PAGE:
What are Preferred Dividends?
In this article, we are going to define and discuss how exactly to calculate preferred dividends. But before that, lets begin by asking ourselves what is a dividend? A dividend is a distribution of profits by a corporation to its shareholders. Dividends are paid to shareholders as an appreciation of their investment into the business.
With this in mind, we can simply define preferred dividends as the dividends that are accrued paid on a company’s preferred stock.
Any time a company pays dividends, preferred shareholders have priority over common shareholders, which means dividends must always be paid to preferred shareholders before they are paid to common shareholders.
Features of Preferred Stock Dividends.
- Rates are much higher than the rates of equity or common stock. This is because preferred shareholders do not have ownership control over the company; hence, higher dividends rates are offered to them to attract investors.
- Fixed percentage. Unlike the dividend on common or equity stock, which keeps on fluctuating every year depending on the company’s profitability ratios, preferred dividends do not fluctuate.
- Shareholders are entitled to a dividend every year irrespective of the profitability of the Company.
Advantages of Preferred Dividends.
- The preferred dividend rate is fixed this provides more stability for shareholders than common shares do. However, a firm can skip the equal payment of preferred dividends to preferred shareholders and choose to pay the dividends in arrears.
- Preferred dividends typically pay a higher rate than dividends paid to common shareholders, which is one of the main benefits of these dividends.
- There is a lot more transparency with preferred dividends than with common stock this is because the preferred stock rates and terms are also displayed on the balance sheets of the company.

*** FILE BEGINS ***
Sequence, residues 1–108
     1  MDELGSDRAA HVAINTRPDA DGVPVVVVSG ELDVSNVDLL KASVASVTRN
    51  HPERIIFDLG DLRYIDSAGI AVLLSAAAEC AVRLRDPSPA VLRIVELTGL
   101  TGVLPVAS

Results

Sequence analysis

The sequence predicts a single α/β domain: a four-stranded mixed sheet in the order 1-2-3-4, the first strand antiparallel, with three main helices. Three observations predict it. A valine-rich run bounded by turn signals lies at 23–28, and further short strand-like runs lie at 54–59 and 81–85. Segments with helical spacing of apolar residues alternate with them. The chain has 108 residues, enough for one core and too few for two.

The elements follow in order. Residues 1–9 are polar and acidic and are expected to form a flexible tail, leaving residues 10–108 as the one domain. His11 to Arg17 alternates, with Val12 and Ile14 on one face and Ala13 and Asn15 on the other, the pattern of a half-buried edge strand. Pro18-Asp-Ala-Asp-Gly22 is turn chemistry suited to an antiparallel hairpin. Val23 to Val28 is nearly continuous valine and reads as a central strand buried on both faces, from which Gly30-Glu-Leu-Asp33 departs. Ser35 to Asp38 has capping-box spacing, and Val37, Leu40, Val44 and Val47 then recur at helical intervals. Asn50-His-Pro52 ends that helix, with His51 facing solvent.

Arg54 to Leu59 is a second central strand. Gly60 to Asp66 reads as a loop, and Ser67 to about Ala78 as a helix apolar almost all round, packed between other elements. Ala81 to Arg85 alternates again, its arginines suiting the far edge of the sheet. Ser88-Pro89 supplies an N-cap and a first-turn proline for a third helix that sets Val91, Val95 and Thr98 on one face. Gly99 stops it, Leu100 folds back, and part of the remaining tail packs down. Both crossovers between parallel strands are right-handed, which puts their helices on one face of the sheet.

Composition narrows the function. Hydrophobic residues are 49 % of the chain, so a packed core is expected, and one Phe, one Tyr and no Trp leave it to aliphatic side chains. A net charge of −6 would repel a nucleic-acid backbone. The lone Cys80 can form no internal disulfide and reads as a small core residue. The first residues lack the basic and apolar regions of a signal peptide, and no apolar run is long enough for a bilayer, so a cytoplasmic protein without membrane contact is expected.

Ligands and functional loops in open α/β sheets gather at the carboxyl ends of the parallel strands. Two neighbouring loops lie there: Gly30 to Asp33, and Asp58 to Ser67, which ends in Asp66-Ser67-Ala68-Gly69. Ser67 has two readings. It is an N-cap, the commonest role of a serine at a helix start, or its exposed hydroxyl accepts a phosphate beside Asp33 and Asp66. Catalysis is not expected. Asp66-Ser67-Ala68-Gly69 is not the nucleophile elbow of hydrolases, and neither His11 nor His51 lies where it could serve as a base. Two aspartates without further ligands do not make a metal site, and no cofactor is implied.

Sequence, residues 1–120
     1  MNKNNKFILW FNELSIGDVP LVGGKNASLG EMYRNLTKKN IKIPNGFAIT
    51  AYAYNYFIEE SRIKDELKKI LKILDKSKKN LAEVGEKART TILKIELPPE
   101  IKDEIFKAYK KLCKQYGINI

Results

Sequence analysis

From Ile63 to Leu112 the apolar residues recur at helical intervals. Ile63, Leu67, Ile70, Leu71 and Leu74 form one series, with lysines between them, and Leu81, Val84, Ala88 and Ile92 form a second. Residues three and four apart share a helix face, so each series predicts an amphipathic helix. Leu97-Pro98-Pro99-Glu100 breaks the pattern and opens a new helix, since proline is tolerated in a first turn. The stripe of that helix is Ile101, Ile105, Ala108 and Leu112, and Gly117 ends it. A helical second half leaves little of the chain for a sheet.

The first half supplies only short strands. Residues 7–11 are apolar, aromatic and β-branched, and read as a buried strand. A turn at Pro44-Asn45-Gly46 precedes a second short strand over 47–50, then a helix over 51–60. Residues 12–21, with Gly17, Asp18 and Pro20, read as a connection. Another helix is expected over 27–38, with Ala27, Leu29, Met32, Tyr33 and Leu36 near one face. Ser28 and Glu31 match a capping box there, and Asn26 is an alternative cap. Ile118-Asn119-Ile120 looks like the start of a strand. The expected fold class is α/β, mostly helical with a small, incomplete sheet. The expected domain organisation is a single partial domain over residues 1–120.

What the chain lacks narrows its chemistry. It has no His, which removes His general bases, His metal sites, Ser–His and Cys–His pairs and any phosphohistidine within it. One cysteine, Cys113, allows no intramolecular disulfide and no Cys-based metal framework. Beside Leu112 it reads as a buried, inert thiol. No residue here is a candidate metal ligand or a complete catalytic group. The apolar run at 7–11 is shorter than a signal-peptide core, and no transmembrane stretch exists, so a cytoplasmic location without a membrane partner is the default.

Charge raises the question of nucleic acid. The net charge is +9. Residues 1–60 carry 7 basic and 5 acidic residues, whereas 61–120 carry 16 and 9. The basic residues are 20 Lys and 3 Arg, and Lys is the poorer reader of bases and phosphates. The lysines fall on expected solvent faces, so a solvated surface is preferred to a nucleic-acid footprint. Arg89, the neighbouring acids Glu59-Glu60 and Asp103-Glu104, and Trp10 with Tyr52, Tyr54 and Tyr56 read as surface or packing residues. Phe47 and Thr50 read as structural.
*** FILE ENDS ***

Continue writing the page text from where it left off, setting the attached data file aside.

- Even in case of bankruptcy, the preferred dividends are eligible to be paid from the assets of the company first. It’s a legal obligation for the company to pay-out the preferred dividend.
Disadvantages of Preferred Dividends.
- If a company’s earnings go up, the company may increase the dividend rate it pays to common stock shareholders. However, for most preferred shareholders, who own non-participating stock, the dividend rate will always remain the same.
- Fixed rates can also be disadvantageous as when inflation is high they are not adjusted for inflation. Over time, when there is inflation, the fixed dividend will lose purchasing power.
- Companies are obligated to make up past due preferred dividend payments. However, that is not always possible. If the company goes bankrupt, and it still has past dividend payments due, it may not have the money to make those missed payments
Formula to Calculate Preferred Dividends.
Par value, in finance and accounting, means stated value or face value.
Suppose you have invested in preferred stock of a firm. As the prospectus says, you will get a preferred dividend of 5% of the par value of shares. If the par value of each share is $100 and you bought 1000 preferred stocks. Calculate your preferred dividends.
Therefore, your preferred dividends are $ 5,000.